Tag: Super Nintendo Entertainment System

SNES Game Review 49: Super Ghouls N Ghosts

Sometimes there is a game series that just seems to pop up in your life again and again. I did a lot of my gaming on the spectrum to start with and I played a heck of a lot on a certain 9 or 10 games, one of these games was ghouls and goblins. Now the game worked on the spectrum it was perfectly playable but like a lot of spectrum games the game was playable but the graphics and the colours used were a mess. At the time we dealt with them because well hey that’s all we had. Compare this to now days when if a game on the current generation of Xbox one’s and PS4 doesn’t hit 1080p at a constant of at least 30 frames per second then it is considered to some degree to be a failure. I could go on to a whole rant about how gamers now days can be so judgemental or how kids have grown up as graphical whores who seem to deny a game any merit unless it meets a certain set of numerical standards, or how we could use our imagination back then but I wont. Instead I will simply say that when there was a jump in quality from one machine to the next it amazed us and we appreciated it.

Next Ghosts and Goblins game into my life, my brother’s friend was the first to have it on his megadrive which he would bring round to our house. One day he turned up with that and Rambo 3 and we all pretty much spent the better part of about 6 hours trying to get as far as we could in the two of them. I got the megadrive version myself some years latter. When I first saw the SNES game Super Ghouls and Ghosts my reaction was oh they ported it to the Snes and felt they needed to add a Super in to the name big deal been there done that. I was wrong though. I don’t know if you could fully describe it as a sequel as there seems to be a lot taken from both Ghosts and Goblins and Ghouls and ghosts in this game so it’s either just a sequel sticking very close to the original format or it’s a sort of Ghosts 2.5 semi sequel of sorts. What I do know though is that it is more than worth owning both the Megadrive and Snes games if you can pick them up, and if you like a challenge.

If you don’t like games that will repeatedly hammer you into the ground, that will repeatedly see you die and have to try again and again then do not go near this game. If you enjoy a challenge though and you get a great sense of pride from doing what moments before seemed almost impossible then this game is going to be digital crack to you. A friend of mine well his parents used to have a sort of agreement with him, he didn’t get much pocket money because they thought he would spend it all on sugared sweets and run around fruit loops so they used to give him a small amount but then they’d buy him games every now and then throughout the year. One of the rules though was that his Dad picked the games so he didn’t get rubbish ones (he got a say in his Christmas and birthday presents but not these random games) and that he had to be completing games in order to get new ones…. and yep you’ve guessed it the poor git got brought Super Ghosts and Goblins. I had gotten it myself so we used to compare how far we had got at least until the day he begged his folks for permission to trade it in for something that didn’t make him scream.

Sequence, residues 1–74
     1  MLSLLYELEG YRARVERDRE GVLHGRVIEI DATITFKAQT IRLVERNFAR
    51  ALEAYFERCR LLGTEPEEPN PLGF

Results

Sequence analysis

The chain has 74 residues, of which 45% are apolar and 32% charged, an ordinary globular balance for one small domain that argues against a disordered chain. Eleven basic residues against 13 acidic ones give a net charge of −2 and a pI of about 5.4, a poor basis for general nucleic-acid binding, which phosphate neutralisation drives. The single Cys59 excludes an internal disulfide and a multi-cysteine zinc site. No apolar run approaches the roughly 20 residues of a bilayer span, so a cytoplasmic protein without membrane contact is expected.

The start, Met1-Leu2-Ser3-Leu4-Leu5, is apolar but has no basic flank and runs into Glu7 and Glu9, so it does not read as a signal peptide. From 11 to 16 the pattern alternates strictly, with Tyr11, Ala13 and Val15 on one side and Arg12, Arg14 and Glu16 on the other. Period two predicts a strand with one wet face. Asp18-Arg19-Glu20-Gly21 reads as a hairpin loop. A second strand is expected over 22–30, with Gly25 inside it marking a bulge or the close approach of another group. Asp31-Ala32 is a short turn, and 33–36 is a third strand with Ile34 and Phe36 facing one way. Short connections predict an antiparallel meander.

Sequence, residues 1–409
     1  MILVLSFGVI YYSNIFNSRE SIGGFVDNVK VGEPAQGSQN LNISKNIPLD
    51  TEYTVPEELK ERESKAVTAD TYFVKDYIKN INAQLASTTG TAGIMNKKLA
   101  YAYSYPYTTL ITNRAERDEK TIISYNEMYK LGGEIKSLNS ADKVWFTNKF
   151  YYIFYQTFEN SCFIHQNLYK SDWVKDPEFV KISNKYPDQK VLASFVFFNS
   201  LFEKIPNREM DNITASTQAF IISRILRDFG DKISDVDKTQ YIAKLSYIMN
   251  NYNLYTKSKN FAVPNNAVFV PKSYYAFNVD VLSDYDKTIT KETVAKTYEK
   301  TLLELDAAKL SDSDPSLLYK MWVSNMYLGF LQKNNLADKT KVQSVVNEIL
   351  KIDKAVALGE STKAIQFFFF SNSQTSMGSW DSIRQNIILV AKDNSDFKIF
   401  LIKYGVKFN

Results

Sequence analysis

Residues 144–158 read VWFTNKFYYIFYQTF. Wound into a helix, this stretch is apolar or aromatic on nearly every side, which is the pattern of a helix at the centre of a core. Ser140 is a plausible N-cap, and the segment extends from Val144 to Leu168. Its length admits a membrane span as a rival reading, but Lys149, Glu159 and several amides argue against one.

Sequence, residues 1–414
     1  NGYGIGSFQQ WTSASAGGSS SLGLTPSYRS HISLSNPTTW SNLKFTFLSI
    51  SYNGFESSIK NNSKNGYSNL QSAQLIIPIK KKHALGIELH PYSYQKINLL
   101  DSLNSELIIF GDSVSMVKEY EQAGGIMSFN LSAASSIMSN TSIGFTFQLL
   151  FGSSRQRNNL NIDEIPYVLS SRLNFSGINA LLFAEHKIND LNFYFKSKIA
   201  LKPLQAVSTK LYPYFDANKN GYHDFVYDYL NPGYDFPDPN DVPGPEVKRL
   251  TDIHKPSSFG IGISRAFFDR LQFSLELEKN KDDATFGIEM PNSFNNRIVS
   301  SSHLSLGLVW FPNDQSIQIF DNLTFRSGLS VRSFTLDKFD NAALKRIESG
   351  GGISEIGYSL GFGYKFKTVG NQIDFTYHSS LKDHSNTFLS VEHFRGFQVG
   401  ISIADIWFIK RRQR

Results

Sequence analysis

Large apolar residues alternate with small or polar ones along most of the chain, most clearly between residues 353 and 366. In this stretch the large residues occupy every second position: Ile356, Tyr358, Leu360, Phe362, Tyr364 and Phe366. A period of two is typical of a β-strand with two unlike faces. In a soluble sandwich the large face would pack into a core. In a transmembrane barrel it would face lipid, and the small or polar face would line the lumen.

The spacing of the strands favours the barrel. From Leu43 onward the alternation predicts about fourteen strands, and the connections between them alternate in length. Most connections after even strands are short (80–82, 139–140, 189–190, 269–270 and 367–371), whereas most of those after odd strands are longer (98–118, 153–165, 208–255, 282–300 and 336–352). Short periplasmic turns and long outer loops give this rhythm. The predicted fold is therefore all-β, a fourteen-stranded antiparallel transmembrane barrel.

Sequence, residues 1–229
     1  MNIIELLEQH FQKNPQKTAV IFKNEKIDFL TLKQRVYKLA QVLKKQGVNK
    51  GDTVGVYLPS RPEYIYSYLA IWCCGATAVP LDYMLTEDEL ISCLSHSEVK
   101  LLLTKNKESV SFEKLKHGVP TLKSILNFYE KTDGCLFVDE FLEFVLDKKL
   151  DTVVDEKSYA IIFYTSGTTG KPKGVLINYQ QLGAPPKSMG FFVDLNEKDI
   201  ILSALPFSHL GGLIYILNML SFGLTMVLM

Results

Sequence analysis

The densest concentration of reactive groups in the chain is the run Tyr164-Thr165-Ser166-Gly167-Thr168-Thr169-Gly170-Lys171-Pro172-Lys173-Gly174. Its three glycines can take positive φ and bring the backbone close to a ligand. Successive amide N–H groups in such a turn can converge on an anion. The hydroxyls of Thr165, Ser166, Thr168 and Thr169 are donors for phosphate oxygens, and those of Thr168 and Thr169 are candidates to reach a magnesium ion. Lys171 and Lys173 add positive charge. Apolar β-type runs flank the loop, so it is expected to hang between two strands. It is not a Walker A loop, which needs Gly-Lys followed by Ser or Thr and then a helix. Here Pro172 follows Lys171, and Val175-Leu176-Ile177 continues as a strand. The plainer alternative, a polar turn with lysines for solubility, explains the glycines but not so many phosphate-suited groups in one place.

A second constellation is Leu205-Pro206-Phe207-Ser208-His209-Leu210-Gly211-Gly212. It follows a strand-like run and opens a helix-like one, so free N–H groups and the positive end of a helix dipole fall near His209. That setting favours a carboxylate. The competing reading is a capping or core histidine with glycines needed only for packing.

The graphics were kind of basic but had a lot of color in them and fitted the theme well. The music though man I loved the music from the very first time I heard it. One funny thing to note is that there used to be a sofa place not sure if it still exists if it does it certainly isn’t on TV anymore but it used to be called ‘’The Leather Warehouse’’ and for some reason I couldn’t Listen to the song in the first stage without singing  ‘’The leather Warehouse at a moment where it seemed to fit in’’  (the song goes kind of  Daaaa dadd daaaaa daa daaaa daaaa daaaa   followed with a silent pause and in the silent pause id always shout it) I was at a gaming convention in there retro room one year (Game City) which is held in Nottingham and I was playing this on the big TV and even did it, have to admit lots of people looked at me very strangely especially the younger ones who probably didn’t know what I was on about or thought it was some kind of bondage club… Still I digress the music gets in to your head so deep.

I love the game but it’s a hard one to rate as it all depends on if you like a challenge if you do then its an 8 out of 10, if you don’t then well its more a 5 or a 6 as your not going to be saying its bad but you will soon be referring to it with swear words and feeling like you wasted your money. Plenty of copies of this game cart only sell for around the 15 quid mark or more even imports. I would suggest it might be wise to look at investing in one of Capcoms classic collections as you wont pay much more and you will get a bunch of other games with it.. there have been classics like this for the ps1, ps2, psp etc. Capcom its stuff like this that makes me remember my love for you.

SNES Game Review 46: F-Zero

so here is a review of F-Zero well its more story about it than a review but you get reviews everywere …so instead step into this semi review, semi chunk of my life.